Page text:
The official authorized sequel to the original TV show starring Patrick McGoohan and Leo McKern.
Set 20 years after the events of the original TV show, the comic co-written with Mark Askwith follows former secret agent Alice Drake as she is dragged back into her old life following a ship wrecking that sees her washed up on the shores of The Village and discovers that old secrets and old spies never die.
Set twenty years after the final episode of the television series, Shattered Visage follows former secret agent Alice Drake as she is shipwrecked on the shores of the Village and encounters an aged Number Six, who is still locked into a decades-old conflict with his old nemesis Number Two for the future of the deserted spy village. Meanwhile, back in London conflicting intelligence agencies fight to gain control of the intelligence mine that is The Village, and the deadly secret lying at its very core.
The trade paperback included a two-page text piece that explained the surreal final episode, "Fall Out" as drug-induced hallucination.
About the Authors
Dean Motter is an illustrator, designer and writer who is best known for his album cover designs, two of which won Juno Awards in 1983 and 1984. In total he was nominated a further six times for the Juno. During his career he has been the art editor for CBS Records Canada. He is also the creator and designer of Mister X, one of the most influential "new-wave" comics of the 1980s. His Vertigo mini-series Terminal City and its sequel were both nominated for Eisner and Harvey awards.
As an artist his work has appeared in Classics Illustrated, Batman: Black & White, Grendel: Red, White and Black and John Constantine: Hellblazer. While his writing has graced the pages of Superman Adventures, Star Wars Trade, Will Eisner's The Spirit and Wolverine. In 1998 he co-wrote and illustrated Shattered Visage for DC comics along with Mark Ashwith.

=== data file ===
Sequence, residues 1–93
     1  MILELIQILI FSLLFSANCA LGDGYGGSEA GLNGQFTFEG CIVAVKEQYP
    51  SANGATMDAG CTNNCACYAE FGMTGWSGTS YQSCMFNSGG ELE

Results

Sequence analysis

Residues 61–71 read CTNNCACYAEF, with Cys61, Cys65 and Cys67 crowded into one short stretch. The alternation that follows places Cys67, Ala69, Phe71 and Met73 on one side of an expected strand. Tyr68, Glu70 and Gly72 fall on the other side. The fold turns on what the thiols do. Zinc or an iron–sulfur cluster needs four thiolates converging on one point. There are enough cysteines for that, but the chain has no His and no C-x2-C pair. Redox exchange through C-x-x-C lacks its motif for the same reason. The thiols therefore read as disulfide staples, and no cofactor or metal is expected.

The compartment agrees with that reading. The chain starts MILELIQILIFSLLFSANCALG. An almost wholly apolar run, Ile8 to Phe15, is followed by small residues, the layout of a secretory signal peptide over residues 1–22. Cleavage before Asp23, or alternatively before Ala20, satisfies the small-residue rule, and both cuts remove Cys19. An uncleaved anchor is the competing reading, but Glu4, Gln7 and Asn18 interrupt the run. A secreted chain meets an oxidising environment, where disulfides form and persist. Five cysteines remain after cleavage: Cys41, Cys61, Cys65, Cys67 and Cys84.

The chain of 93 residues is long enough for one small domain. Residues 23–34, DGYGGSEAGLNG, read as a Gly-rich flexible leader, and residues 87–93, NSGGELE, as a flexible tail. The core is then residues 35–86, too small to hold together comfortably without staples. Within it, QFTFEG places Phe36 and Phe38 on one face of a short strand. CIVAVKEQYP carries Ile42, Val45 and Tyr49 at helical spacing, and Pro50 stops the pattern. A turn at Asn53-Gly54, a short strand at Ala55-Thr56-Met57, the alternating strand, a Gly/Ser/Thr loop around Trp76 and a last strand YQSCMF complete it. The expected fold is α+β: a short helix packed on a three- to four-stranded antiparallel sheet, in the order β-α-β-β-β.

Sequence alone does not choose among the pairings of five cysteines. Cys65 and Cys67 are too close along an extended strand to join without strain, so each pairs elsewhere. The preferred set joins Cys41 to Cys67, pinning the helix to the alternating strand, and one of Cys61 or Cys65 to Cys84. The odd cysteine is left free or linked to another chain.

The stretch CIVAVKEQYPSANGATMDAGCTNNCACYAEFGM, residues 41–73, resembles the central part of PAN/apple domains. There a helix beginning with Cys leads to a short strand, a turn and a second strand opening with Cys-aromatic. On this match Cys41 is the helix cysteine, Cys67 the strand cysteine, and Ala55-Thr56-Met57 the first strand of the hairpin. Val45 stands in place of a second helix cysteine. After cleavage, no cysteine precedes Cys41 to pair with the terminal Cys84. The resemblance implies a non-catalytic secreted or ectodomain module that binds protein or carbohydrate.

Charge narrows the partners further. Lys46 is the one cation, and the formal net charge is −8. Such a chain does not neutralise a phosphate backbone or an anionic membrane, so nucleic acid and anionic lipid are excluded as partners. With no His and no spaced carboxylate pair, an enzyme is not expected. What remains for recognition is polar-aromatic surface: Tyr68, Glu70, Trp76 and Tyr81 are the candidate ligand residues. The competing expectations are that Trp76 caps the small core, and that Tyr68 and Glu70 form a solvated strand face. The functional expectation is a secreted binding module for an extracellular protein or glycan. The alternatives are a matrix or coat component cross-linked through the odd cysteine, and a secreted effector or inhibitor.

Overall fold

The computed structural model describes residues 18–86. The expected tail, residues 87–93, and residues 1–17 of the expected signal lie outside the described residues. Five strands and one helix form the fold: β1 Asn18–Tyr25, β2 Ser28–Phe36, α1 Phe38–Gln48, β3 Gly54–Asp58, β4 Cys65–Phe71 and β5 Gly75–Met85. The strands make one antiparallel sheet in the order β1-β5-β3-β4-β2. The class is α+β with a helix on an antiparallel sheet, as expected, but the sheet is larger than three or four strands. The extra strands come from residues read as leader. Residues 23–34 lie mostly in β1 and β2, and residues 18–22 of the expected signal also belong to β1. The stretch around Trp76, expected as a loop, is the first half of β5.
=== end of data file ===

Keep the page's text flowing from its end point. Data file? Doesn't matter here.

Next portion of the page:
Mark Askwith is a Canadian writer, TV producer, editor, and publisher specializing in science fiction and comics. He produced and wrote Prisoners of Gravity, a Canadian news magazine program that explored speculative fiction and ran for 139 episodes and five series. He has also written for Batman, Justice League International and Fantagraphics.
"This graphic novel adaptation embraces everything Prisoner and envelopes readers in the nostalgia and delirium of the original broadcast.... This mesmerizing work of graphic fiction delivers sublime art by veteran creator Motter (Classics Illustrated; Batman: Black & White) and immersive storytelling from both Motter and Askwith (Batman; Justice League International). An excellent choice for any collection." - Library Journal Starred Review
"Original, dramatic, inherently fascinating...a wonderful treat for the legions of fans of "The Prisoner" television show and will prove to be an immediate and enduringly popular addition to community library Graphic Novel collections." -- Midwest Book Review
"A welcome and timely addition to Titan's library of Prisoner content that feels as contemporary and relevant now as it did 30 years ago. If you don't already own it, this handsome edition is a great release. 9/10" - SciFi Bulletin